category:Flight shooting


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    "You hold your tongue," Robert said, savagely, "and don't interrupt me, if you value that miserable old neck of yours. She was brought up a lady," he continued, "and was to have come into a large fortune. The person who had left her the fortune died, and the will has been hidden away by his sisters,—two old women who live in a lonely house in the country. Of course, there are servants, and that sort of thing; but they sleep in a distant part of the building, and would not be likely to hear anything that went on. There is no other house within call. One of these women, I understand, is as hard as a rock; there would be no getting her to say a word she did not want to say, if it was to save her life. The other one is made of different stuff. Now I want to get hold of a couple of determined fellows, accustomed to that sort of business, to make an entrance there with me at night—to get hold of this old woman, and to frighten her into telling us where this will is hidden. If I can get it, I am safe, because the house is part of the property; and besides, I should have them under my thumb for hiding the will. If it had not been my own house I was going to break into, I would rather do the job by myself than take any one with me, to give them the opportunity of living on me all the rest of my life. As it is, I am safe both from the law and from extortion. If we are interrupted, and things go wrong, we can get off easily enough, so that there is no great risk either for me or the men who go with me. What do you think, Mr. Billow—this is all in your line? Could you put your hand on a couple of such men as I want?"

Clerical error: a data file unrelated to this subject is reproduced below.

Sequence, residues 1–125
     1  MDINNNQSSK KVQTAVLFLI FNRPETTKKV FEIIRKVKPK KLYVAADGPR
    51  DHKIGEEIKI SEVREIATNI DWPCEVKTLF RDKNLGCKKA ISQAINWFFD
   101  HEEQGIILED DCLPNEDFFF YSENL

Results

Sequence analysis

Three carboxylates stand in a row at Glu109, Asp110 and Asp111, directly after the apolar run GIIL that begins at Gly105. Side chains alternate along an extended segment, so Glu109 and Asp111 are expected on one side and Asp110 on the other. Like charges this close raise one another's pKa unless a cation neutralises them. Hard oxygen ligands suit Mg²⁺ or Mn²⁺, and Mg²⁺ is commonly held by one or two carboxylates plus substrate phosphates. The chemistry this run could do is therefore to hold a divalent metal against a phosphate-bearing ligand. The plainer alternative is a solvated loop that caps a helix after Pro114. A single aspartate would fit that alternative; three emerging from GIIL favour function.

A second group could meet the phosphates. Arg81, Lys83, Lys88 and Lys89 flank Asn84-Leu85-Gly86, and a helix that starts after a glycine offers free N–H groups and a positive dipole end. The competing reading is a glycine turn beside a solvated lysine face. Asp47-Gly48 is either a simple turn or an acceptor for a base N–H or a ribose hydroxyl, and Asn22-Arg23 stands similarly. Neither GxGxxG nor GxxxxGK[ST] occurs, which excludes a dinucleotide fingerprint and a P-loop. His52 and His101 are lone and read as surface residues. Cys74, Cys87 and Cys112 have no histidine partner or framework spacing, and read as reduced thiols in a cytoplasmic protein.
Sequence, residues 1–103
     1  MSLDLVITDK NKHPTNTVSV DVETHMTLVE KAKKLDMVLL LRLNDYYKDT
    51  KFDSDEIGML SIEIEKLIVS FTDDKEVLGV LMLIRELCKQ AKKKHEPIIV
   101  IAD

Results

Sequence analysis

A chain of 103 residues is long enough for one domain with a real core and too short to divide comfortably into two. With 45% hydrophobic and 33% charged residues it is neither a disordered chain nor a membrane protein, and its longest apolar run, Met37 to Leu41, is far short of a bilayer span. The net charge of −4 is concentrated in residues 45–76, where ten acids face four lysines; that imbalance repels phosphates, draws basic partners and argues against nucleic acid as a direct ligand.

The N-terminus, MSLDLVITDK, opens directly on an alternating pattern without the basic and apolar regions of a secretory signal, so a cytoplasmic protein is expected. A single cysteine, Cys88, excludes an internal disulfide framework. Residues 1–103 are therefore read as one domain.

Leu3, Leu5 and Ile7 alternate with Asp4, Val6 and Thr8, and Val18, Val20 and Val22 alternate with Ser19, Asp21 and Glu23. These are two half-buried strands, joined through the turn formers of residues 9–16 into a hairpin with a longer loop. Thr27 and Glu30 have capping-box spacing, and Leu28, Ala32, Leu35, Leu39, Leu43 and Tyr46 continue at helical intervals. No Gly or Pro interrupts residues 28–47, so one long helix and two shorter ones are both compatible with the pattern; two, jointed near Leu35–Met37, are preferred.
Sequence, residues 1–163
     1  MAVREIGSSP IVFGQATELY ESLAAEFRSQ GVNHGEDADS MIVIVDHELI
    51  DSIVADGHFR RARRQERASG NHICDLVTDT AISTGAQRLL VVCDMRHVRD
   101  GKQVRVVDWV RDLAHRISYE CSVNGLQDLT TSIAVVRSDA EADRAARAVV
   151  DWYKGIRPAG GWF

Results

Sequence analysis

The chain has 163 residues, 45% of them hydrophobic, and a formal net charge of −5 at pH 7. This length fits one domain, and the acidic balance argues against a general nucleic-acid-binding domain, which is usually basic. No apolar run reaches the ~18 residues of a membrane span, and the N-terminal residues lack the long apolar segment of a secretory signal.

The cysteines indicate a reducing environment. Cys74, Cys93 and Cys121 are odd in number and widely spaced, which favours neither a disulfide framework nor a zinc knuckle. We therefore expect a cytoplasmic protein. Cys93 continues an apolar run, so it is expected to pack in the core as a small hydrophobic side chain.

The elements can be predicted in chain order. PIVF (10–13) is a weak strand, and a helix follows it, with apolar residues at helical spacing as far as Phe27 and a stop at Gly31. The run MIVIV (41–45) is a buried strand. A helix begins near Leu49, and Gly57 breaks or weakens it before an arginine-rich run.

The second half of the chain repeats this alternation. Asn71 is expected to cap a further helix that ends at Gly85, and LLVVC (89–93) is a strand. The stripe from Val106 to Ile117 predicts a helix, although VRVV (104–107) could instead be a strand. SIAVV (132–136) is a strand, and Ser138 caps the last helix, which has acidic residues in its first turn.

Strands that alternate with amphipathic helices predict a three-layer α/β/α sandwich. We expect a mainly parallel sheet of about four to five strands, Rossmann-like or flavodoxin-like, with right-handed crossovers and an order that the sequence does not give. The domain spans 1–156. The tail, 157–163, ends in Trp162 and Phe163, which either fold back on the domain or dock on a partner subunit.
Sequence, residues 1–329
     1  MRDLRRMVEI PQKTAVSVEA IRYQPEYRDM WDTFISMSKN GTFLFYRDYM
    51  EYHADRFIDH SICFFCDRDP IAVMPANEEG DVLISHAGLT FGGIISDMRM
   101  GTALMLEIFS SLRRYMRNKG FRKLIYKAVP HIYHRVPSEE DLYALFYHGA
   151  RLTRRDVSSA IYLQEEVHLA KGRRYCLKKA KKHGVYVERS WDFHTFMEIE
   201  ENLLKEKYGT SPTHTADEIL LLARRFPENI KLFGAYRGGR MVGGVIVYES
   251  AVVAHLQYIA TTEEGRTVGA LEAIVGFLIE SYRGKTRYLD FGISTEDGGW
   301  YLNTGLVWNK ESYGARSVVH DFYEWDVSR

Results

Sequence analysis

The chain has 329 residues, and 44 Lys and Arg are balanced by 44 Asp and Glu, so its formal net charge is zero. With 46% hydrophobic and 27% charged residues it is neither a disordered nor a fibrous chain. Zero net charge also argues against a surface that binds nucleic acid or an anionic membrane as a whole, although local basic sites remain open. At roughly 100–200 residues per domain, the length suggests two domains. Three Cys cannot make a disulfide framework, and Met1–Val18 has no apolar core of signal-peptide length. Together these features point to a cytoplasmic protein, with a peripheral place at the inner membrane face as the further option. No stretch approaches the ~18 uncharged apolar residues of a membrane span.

2.In a few days a railway van arrived with quite a number of packages. All Sophy's wearing apparel, her work-table, her desk and music-stand; all the paintings she had executed under a master at school, and which had been framed and hung in the drawing-room at Harmer Place; her books; her grand piano, given to her by Mr. Harmer when she left school, and which was much too large to go into their little room, and was therefore sent to a warehouse for the present, to be reclaimed or sold, according as their circumstances might demand; and lastly, a pony-carriage, with two beautiful ponies, which Mr. Harmer had presented to her a few months before his death.
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